Foreword

This is NOT a tutorial on the package called react-materialize.
I will be showing you how to use Materialize natively in a React project, more specifically, a create-react-app project.
I have nothing against using that package, however, I really prefer not to rely on third party packages especially when you really don't need to in this case, using MaterializeCSS with React is super easy once you're set up!

Setup

There are a couple of ways to get started according to the Materialize docs, however, we'll be using the npm install.

So lets go ahead and install MaterializeCSS and import the things we need to import in our project.

npm install materialize-css@next

App.js

import 'materialize-css/dist/css/materialize.min.css';

index.html

<link href="https://fonts.googleapis.com/icon?family=Material+Icons" rel="stylesheet">

Note: You don't need to import the JS files or include them in your index.html

Initialize Materialize Components

If you've had a bit of a wander around the docs you might have noticed that some components such as the collapsibles, dropdowns and form selects etc. need to be initialized. Materialize give us two ways to initialize components;

  1. Native Javascript
  2. JQuery

Seeing as we're using React, it would be ill-advised to use JQuery so lets go with the former.

Lets go ahead and set some of these up.

Using AutoInit()

import React, {Component} from 'react';

// Import Materialize
import M from "materialize-css";


class SuperCoolComponent extends Component {

    componentDidMount() {
        // Auto initialize all the things!
        M.AutoInit();
    }
    
    render() {
        return(
        <div>
          <div className="input-field col s12">
            <select>
              <option value="" disabled selected>Choose your option</option>
              <option value="1">Option 1</option>
              <option value="2">Option 2</option>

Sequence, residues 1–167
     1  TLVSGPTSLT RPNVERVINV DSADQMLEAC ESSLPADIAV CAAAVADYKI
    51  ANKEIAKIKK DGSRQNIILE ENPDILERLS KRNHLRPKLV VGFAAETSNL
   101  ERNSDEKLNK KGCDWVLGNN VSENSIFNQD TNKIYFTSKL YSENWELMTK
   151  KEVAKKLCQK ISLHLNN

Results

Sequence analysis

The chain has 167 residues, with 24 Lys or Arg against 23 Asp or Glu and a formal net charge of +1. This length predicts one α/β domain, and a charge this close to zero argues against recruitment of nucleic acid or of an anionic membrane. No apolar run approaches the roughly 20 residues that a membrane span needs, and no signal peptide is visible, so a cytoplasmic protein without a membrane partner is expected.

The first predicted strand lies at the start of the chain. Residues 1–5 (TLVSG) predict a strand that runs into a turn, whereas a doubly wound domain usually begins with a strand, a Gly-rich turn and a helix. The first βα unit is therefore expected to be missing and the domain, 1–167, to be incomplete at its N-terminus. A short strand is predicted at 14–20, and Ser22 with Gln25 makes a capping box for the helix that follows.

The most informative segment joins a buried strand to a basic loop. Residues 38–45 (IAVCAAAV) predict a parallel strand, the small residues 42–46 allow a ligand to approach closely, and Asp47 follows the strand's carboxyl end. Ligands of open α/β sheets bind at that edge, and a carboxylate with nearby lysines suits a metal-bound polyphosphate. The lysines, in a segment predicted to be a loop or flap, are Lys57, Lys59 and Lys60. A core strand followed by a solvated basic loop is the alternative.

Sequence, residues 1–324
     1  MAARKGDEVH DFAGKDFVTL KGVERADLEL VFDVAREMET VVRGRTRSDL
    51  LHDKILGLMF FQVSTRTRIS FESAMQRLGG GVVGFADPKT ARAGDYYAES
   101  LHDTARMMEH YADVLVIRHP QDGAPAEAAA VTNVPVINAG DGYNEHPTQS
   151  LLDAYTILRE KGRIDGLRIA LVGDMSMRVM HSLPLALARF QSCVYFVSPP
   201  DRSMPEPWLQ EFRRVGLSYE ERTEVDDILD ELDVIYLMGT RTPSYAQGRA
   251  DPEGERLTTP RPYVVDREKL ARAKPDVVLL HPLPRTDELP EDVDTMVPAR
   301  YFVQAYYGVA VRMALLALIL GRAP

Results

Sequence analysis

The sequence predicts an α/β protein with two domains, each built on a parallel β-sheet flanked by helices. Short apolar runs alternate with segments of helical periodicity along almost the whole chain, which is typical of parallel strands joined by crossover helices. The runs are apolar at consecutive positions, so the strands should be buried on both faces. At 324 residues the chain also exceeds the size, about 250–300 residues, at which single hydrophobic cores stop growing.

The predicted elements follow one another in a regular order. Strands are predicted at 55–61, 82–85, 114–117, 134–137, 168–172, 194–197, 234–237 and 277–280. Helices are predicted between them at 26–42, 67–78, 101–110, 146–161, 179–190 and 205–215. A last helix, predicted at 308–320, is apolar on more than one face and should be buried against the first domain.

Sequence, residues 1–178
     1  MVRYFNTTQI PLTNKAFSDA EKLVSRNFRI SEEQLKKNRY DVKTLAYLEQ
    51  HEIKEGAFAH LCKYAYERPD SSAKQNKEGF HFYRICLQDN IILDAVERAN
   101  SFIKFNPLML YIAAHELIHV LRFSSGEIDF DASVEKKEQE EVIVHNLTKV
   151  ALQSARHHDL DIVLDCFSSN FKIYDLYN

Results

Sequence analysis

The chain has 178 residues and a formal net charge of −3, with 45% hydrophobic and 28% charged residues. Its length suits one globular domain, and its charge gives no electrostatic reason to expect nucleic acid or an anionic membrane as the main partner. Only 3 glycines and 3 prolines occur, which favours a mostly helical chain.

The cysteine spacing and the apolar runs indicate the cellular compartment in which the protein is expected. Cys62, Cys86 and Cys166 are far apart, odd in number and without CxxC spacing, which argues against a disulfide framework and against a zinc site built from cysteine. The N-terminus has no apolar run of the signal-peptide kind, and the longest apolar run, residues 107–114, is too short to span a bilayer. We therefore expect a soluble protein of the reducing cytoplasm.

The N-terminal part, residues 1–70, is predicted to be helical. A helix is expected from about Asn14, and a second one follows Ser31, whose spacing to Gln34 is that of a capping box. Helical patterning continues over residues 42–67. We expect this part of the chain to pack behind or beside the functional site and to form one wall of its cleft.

<option value="3">Option 3</option>
            </select>
            <label>Materialize Select</label>
          </div>
        </div>
        )
    }
}

export default SuperCoolComponent;

Using M.AutoInit() is the fastest way to get things up and running, and it saves you from explicitly initializing every component which can be tedious should you have a lot of them.
BUT
I have run into issue when trying to explicitly initialize components after M.AutoInit(). In my case I had a bunch of selects and collapsibles that I just wanted to auto initialize, however, for my dropdown component, I wanted to pass some options and it simply did not work while AutoInit was standing.

NOTE: You can also just add no-autoinit to an elements className to let AutoInit know that it can ignore initialzing that element which should avoid the problems just stated above.

Being Explicit!

Let's return to our componentDidMount function and change it to initialize the select explicitly.

componentDidMount() {
    let selects = document.querySelectorAll('select');
    
    M.FormSelect.init(selects, {});
}

We can also pass some options as the second argument to the init function. Let's use Materialize dropdowns for this example

componentDidMount() {
    let dropdowns = document.querySelectorAll('.dropdown-trigger');
    
    let options = {
        inDuration: 300
        outDuration: 300,
        hover: true, // Activate on hover
        coverTrigger: false, // Displays dropdown below the button
    };
    
    M.Dropdown.init(dropdowns, options);
}

There are many other options to be found in the dropdown docs, these are just the default ones I like to use as I find coverTrigger being true by default to be super abnormal.

Conclusion

That's all there is to it! Just install, import and initialize if necessary.
I hope you found this helpful and thanks for reading!